LOCAL, INDEPENDENT NEWS, OPINION, ARTS AND ENTERTAINMENT WWW.BOISEWEEKLY.COM VOLUME 20, ISSUE 50 JUNE 6–12, 2012
TAK EE E ON E! NEWS 10
SHADOW OF DOUBT Final pleadings for Richard Leavitt 1ST THURSDAY 23
MAP AND MORE A guide resides inside ARTS 34
HORSING AROUND War Horse kicks off U.S. tour in Boise SCREEN 35
BOISE CLASSIC MOVIES The Godfather returns to the big screen for the ﬁrst time in 40 years
“This is a manifestly serious situation.”
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NOTE LEGAL TRANSPARENCY In this week’s News section, you’ll read a different take on the impending execution of Richard Leavitt, the convicted killer who is scheduled to be put to death by lethal injection Tuesday, June 12. While that story is about the murder and what some call a shadow of doubt regarding his guilt—despite that a jury of his peers said otherwise—there’s a related story a few other news organization have touched on that we reported in Citydesk recently. On May 22, Boise Weekly, under the name of our parent company, Bar Bar Inc., and 16 other organizations ﬁled suit against the state of Idaho in an attempt to force prison ofﬁcials to allow the media to witness the execution process in its entirety. Currently in Idaho, the media is banned from the portion of the execution in which the inmate is brought into the execution chamber, strapped in and IVs are inserted. The reason for that ban, according to prison ofﬁcials in states that enforce it, is to protect the identity of the execution team. Those of us bringing the suit, which is being spearheaded by the Associated Press and includes the Idaho Statesman, the Idaho Press-Tribune, the Spokesman Review and the Idaho Press Club, among others, contend that the media should bear witness to all the events of the execution so as to ensure full transparency and accountability of the process. On May 31, we entered into mediation without reaching an agreement, and earlier this week, the attorney representing the media ﬁled a reply to counter arguments made by the Idaho Department of Correction. As BW went to press early on June 5, a decision was expected from Judge Edward Lodge as soon as later that day. Continue to follow the story at Citydesk, as well as detailed reports from the Associated Press. As for this week’s issue, I’ll steer you toward the Arts story, which is a look behind the scenes at War Horse, an unlikely frontrunner on the international stage scene. And, as is the case every First Thursday, we have a rundown of most of the happenings to help you ﬁnd your way around downtown. —Rachael Daigle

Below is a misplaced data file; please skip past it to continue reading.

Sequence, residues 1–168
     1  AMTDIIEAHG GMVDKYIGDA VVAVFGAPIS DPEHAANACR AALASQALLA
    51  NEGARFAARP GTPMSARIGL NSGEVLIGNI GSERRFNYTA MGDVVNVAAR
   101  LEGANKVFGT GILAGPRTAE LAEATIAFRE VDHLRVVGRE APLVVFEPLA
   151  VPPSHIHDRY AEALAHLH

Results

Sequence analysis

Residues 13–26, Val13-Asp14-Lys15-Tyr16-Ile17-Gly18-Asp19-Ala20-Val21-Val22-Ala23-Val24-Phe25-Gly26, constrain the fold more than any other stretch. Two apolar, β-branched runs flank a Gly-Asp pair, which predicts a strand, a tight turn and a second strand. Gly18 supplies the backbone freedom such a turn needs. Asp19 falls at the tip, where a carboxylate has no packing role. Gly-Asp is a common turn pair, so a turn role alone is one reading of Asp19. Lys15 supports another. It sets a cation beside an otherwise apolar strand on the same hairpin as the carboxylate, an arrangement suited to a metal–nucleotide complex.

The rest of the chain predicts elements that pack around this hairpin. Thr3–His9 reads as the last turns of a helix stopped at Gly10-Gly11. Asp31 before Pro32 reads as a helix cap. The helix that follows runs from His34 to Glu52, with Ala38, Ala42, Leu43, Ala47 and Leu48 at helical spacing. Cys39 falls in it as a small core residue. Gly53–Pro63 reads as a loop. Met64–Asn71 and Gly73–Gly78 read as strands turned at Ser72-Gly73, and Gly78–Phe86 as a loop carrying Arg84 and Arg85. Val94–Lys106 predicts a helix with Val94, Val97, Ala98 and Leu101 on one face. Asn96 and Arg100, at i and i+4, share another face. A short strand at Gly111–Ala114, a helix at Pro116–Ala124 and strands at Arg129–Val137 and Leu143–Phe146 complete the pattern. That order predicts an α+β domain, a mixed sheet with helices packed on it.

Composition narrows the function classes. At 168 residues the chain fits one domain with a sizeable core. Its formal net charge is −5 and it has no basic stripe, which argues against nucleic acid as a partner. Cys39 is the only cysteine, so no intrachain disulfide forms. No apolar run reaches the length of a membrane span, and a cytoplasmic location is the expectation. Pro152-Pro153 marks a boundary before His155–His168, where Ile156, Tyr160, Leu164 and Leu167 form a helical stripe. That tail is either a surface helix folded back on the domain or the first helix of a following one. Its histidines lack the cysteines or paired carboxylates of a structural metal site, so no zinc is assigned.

COVER ARTIST ARTIST: Kelly Packer TITLE: the earth after you offers a ladder to the attic (2) MEDIUM: Oil pastel and colored pencil on paper. ARTIST STATEMENT: This piece is part of a show entitled: Look Up. The exhibition includes poems by Adrian Kien that create a dialogue with the imagery. Join us for the exhibit at Enso Artspace.
Boise Weekly pays $150 for published covers. One stipulation of publication is that the piece must be donated to BW’s annual charity art auction in November. Proceeds from the auction are reinvested in the local arts community through a series of private grants for which all artists are eligible to apply. To submit your artwork for BW’s cover, bring it to BWHQ at 523 Broad St. All mediums are accepted. Thirty days from your submission date, your work will be ready for pick up if it’s not chosen to be featured on the cover. Work not picked up within six weeks of submission will be discarded.